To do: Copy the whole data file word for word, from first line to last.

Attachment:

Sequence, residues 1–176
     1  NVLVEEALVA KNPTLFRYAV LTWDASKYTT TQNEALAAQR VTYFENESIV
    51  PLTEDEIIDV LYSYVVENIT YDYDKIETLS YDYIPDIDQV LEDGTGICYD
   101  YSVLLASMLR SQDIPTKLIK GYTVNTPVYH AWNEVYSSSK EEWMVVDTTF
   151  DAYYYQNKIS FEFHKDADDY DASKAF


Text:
Sequence, residues 1–176
     1  NVLVEEALVA KNPTLFRYAV LTWDASKYTT TQNEALAAQR VTYFENESIV
    51  PLTEDEIIDV LYSYVVENIT YDYDKIETLS YDYIPDIDQV LEDGTGICYD
   101  YSVLLASMLR SQDIPTKLIK GYTVNTPVYH AWNEVYSSSK EEWMVVDTTF
   151  DAYYYQNKIS FEFHKDADDY DASKAF